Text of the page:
Q Chats | Sexual Ethics | Week 4

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Q Christian is a community comprised of people with diverse backgrounds, differing theological beliefs, and a variety of ethics. Q Chats are designed to be a deep dive into self-discovery by learning from one another, and spiritually growing side-by-side. Q Chats cannot be effective without you! We invite you to participate. Share your thoughts, stories, and perspectives. Your influential voice can make a difference in the lives of others.

Want to learn more about the people behind the perspectives? Read more.


What do you wish other LGBTQ+ Christians knew about your sexual ethics?


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Bukola Landis-Aina

Given how much my views have changed over the years, I do not judge those who have come to different understandings than I have. In fact, I believe we have so much to learn from one another’s perspectives and experiences. We all see through a glass darkly, and if we strive to understand what others see through their unique lenses, we get to see more of God’s complete picture.


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Tonetta Landis-Aina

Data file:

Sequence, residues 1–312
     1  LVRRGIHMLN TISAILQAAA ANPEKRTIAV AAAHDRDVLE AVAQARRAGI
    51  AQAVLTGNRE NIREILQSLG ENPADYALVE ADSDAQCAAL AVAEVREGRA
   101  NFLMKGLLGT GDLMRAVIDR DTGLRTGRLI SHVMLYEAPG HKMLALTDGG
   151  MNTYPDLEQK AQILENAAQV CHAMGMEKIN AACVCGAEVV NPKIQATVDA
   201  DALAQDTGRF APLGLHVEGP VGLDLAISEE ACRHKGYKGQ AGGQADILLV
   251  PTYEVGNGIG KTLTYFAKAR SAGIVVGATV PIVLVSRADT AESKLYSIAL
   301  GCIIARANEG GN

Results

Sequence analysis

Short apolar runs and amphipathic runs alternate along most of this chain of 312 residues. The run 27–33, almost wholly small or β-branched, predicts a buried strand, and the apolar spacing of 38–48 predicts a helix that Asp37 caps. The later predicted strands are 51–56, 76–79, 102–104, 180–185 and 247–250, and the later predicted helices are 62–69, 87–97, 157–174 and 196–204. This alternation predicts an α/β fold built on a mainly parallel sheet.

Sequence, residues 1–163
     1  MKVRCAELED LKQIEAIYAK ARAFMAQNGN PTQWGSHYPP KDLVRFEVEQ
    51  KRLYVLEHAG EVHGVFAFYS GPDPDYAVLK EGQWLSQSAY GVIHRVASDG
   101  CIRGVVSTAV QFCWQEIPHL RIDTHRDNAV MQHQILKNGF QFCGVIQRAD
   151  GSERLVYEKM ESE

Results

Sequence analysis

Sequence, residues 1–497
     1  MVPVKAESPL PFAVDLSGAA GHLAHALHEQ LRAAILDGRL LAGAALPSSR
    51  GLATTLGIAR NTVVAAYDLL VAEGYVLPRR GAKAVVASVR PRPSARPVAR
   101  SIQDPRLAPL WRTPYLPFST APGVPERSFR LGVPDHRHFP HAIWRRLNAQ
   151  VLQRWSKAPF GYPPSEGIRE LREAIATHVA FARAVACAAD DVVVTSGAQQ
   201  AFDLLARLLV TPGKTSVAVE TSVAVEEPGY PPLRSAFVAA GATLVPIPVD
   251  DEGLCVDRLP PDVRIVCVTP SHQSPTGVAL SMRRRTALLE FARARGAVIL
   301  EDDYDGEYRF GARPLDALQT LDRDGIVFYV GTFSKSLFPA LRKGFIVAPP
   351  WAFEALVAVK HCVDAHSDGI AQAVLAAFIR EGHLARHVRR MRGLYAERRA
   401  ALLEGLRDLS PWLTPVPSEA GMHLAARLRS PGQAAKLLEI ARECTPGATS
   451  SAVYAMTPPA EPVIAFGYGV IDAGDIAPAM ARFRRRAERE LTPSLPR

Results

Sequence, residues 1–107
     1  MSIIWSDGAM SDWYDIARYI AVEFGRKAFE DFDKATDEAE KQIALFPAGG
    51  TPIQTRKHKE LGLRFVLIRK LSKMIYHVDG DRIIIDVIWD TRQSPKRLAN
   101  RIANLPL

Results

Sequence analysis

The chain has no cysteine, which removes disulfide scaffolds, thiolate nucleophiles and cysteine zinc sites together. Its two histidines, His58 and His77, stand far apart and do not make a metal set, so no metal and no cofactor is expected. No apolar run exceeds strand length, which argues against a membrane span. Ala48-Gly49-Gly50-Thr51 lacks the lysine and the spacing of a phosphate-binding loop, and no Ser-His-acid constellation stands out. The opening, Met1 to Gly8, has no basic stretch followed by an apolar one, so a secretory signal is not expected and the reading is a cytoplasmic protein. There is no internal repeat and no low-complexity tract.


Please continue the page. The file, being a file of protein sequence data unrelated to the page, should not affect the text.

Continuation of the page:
I waited to have sex until I was married. I was very intentional about it as I had been taught to be. While I no longer think that this is the path all people must take, I do still think that there is a wisdom in it. I still think that there is something about that path that honors the power of sex and also can encourage true virginity – a profound emptiness before God. I also would like others to know that I have been damaged from walking this path. Yet, I’m not convinced that had I walked another I would have arrived at this point in my life unscathed. But I wonder about a lot that. I’m also not convinced that reserving sex for a lifetime commitment is synonymous with shame and repression. I think it possible that had I been raised in an environment of more openness to sexuality but still decided to reserve sex that I may have been less damaged. Perhaps, above all, I want other Christians to know that I am most concerned that as Christ followers we live out counter-cultural expressions of the kingdom of God in our sexual ethics. No matter which ethic one engages, I think they must always be asking how the countercultural, attractive, repellent scent of the Kingdom of God is continually manifest in the path.